January 19, 2011
Waterbury Board of Education
236 Grand Street
Waterbury CT 06702
To the members of the Waterbury Board of Education:
Stephen Sondheim, a singular voice in the American theatre, famously wrote the lyric, “Art isn’t easy.” I am reminded of this as I read of the current debate within the Waterbury school system over the Arts Magnet School’s proposed production of Joe Turner’s Come and Gone by August Wilson, another singular voice in theatre.
It is not my intention to offer a blanket defense of “the n-word,” any more than I would defend epithets against Latinos, Asian Americans, Christians, Jews, Muslims or any ethnic or religious group. But what I do defend are the words so carefully chosen by August Wilson, one of the great playwrights America has ever produced, and unquestionably the finest African-American playwright in our country’s history.
August, who I had the honor to know, was a man who knew all too well the scars of racism, faced both personally and by his ancestors. But he transformed those experiences into truthful, transcendent art. If he felt the need to use the offensive word, he did so knowingly and with careful intent, not to glamorize it, but to represent its place in the racial discourse of the 20th century. August’s 10-play cycle of African-American life stands as a remarkable artistic coup and history lesson about the challenges of black life decade by decade, a monumental work completed in his final days.
I understand that schools must not promote or endorse hateful speech, but at an arts high school, within a proper context and with the proper preparation, arts students and their families should have the opportunity to explore and grapple with August’s words – all of them – so that they may struggle with the literature and the sad truths that underlie it. We do not live in a world of absolutes; to make absolute decisions about the utterance of words in a proper education context denies students their ability to learn and grow.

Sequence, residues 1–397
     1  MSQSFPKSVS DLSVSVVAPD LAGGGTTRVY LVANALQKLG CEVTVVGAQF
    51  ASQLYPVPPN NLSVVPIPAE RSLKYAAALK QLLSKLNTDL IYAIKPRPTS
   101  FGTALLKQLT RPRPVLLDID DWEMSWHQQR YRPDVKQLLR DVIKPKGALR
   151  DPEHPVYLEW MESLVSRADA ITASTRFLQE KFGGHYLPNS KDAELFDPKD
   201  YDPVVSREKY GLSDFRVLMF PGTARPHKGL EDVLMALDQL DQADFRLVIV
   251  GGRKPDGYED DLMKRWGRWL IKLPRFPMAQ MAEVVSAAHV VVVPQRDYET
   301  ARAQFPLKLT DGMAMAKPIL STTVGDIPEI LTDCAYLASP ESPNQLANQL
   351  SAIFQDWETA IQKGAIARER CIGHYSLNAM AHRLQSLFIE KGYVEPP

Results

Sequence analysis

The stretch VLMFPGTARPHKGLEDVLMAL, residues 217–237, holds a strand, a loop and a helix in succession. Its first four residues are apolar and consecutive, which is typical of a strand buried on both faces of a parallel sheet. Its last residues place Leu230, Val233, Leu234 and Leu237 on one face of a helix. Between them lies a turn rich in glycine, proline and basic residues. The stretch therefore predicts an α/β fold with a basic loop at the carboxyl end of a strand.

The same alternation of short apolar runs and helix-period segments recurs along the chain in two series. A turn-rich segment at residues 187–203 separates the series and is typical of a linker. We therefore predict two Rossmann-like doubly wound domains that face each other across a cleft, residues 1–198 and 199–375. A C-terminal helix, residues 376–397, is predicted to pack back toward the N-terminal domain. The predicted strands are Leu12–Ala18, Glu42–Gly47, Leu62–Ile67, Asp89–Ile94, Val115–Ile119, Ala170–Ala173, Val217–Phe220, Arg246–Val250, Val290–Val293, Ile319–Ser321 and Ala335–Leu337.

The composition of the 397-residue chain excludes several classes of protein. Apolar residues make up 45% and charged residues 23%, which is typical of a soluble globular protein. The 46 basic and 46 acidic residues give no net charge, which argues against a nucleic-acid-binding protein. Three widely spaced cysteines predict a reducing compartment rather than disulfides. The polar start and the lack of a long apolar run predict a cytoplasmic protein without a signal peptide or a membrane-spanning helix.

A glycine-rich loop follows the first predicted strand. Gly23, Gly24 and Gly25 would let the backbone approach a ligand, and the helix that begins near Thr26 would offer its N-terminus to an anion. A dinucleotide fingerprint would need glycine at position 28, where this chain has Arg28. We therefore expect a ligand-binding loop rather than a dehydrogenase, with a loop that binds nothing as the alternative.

I am product of theatre in Connecticut, although I did not study it. But born in New Haven and later raised in Orange, I have worked at the Westport Country Playhouse, Hartford Stage, Goodspeed Opera House, O’Neill Theatre Center and even the long defunct Shakespeare Theatre in Stratford. Theatre in Connecticut gave me many opportunities, which is why I feel so close to this issue.
I saw August’s earliest works bloom in Connecticut and I believe were he still with us, he would be writing to support the teachers and students of the Arts Magnet School. Because he cannot, I feel I must use the platform that I have as head of the organization that created The Tony Awards, theatre’s highest honor, to stand in his defense and to express my sincere hope that his words will indeed be heard on the Magnet School’s stage, for the benefit of those who perform them and those who hear them.
I am attaching to this letter a blog entry I wrote earlier this week on this topic, which expands upon my thoughts on this matter. I hope that this letter may be shared with the Board before any decision and I thank you for your consideration.